Nashville will soon be getting a GLBT cultural center that organizers hope will function as a hub for the GLBT community, much like a community center but with a slightly different mission.

“Some of us have dreamed about a new center for the GLBT community,” said Jim Hawk, executive director and board member of the new cultural center.

Hawk was previously involved for several years with the now defunct Center for GLBT Life in Nashville. It has taken several years since the passing of that organization and the more recent passing of the Rainbow Community Center (RCC) for the new cultural center plans to become a reality.

Approximately $6,000 of the seed money for the new cultural center came from monies left after the dissolving of the RCC and its governing board. Control of those dollars have been transfered to the board of the new cultural center.

Hawk said Out Central Inc. will open a cultural enter somewhere in the Church street area. A search is underway for a location on or near Church Street that will house the center as well as offer desk space and a conference room to groups and individuals for rental on a day, month or yearly basis.

“The cultural center’s mission is all about you,” Hawk said. “The cultural center will provide a home for the birth, nurture and celebration of GLBTQIF organizations, institutions, culture and individuals: care for our individuals and groups in need; educate the public and our community; and empower individuals and groups to achieve their fullest potential.”

Other members of the board of directors include: Lloyd Lewis, moderator; Stephanie Brooks Barger, vice-moderator; Julia McAninch, Kate Nelson and Mary Catherine Nelson.

Within the next few months an advisory council will be formed that will include community leaders, donors and space users. That group will be used to audit financials of the center and make recommendations. The board has incorporated the organization with Tennessee and the organization is chartered and has 501(c)3 tax-exempt status.

Out Central Inc. has an extensive list of core values, from a commitment to the community and respect for individuals to support of other groups. They are also committed to an earth-friendly (green) environment.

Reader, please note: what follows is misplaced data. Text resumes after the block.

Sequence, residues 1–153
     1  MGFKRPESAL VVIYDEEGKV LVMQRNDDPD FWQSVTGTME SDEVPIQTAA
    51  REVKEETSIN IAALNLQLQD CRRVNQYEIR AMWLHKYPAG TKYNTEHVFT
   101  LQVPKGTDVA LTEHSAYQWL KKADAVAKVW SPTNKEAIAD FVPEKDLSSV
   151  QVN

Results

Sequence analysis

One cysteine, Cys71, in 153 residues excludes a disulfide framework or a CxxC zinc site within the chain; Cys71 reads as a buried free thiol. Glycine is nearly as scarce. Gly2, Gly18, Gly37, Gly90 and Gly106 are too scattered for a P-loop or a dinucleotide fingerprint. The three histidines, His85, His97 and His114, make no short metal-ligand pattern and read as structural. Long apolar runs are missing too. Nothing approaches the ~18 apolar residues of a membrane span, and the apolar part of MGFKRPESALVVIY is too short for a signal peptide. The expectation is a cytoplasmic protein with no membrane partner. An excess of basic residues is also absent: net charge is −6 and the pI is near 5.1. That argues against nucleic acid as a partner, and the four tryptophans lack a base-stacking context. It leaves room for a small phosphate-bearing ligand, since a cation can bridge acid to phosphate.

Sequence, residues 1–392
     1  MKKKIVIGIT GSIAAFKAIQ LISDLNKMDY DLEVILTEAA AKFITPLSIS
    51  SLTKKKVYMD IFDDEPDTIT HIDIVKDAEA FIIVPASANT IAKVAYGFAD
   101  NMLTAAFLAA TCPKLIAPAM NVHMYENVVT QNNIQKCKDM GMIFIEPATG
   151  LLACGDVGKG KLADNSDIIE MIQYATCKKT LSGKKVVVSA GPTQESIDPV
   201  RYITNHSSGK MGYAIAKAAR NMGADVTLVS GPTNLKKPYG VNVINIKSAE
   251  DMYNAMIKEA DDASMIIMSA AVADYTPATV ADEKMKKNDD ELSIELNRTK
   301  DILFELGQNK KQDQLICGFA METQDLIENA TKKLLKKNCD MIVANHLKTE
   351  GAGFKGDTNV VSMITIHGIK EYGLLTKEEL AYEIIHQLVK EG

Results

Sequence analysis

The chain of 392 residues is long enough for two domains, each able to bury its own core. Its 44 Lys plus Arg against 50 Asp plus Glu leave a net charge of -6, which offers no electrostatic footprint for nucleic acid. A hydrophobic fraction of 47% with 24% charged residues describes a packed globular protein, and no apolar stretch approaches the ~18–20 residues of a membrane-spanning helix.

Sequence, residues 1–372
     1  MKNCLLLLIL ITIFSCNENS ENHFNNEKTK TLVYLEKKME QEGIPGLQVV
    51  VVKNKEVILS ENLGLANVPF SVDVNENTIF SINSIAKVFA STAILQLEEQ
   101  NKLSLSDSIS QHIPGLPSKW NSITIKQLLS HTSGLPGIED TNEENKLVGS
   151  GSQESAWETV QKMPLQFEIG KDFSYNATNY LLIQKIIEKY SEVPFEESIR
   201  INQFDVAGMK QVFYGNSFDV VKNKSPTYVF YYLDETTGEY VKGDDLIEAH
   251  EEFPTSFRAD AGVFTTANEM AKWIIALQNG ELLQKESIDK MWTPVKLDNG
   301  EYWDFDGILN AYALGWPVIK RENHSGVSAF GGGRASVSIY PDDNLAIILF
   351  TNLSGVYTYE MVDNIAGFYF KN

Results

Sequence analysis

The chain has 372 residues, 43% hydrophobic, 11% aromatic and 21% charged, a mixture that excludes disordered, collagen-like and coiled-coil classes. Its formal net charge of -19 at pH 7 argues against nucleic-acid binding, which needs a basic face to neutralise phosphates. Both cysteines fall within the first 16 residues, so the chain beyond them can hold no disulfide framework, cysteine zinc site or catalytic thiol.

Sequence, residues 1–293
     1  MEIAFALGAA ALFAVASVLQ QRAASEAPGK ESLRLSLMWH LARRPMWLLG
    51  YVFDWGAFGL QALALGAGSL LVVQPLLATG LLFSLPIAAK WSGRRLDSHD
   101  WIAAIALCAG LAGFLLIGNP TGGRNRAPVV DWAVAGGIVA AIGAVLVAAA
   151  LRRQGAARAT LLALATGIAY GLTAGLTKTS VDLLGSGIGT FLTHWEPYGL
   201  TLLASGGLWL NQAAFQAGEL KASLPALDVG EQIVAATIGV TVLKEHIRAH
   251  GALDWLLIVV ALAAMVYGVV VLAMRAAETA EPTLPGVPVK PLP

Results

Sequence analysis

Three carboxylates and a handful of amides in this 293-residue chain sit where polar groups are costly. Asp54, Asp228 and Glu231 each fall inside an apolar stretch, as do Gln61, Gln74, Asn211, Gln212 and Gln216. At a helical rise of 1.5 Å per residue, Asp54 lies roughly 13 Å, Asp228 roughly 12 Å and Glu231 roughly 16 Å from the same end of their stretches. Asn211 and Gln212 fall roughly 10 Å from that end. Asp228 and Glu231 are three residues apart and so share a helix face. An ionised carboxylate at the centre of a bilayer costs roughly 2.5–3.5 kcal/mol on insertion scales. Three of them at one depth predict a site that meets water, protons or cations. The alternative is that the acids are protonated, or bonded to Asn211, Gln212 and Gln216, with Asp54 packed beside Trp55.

“Out Central is primarily a cultural center and is not, in and of itself, a social service agency or crisis counseling agency. We will provide care and referral to those in need and/or crisis,” Hawk said.

One of the goals of the new cultural center is to supply needed meeting and office space for community groups. Hawk said they also will support other events as they arise such as concerts, conferences, lectures, theatre and movies, panel discussions and celebrations of interest to the GLBT community.

For more information or to get involved, email Hawk at

This article has been republished from Out & About Nashville, and was part of a series of first-person pieces written by the late Bobbi Williams.

When I was 14 years old, I surreptitiously made my way through the stacks in the local library until I came to the Psychology section. One after one, I took down the books whose titles I thought would provide an answer, went to the table of contents and, if there were any, I flipped to the pictures.

Keep reading Show less

James Mai

Many of us have made resolutions and pledged ourselves to transforming some aspect, or aspects, of our lives. For some, these resolutions will involve career, budget, home ownership, etc., but for a LOT of us, they will involve various health, exercise and fitness goals.

Often, these resolutions are vague, like “lose weight” or “exercise more”, and way too often they begin with a gym contract and end with Netflix and a bag of takeout. Getting specific can help in holding yourself accountable for these commitments, though. So we thought it might be interesting to talk with a local gay trainer, James Mai, about his fitness journey, his work as a trainer and how he keeps himself motivated, and get some of his suggestions for carrying through on this year’s fitness resolutions!

Keep reading Show less


Keep reading Show less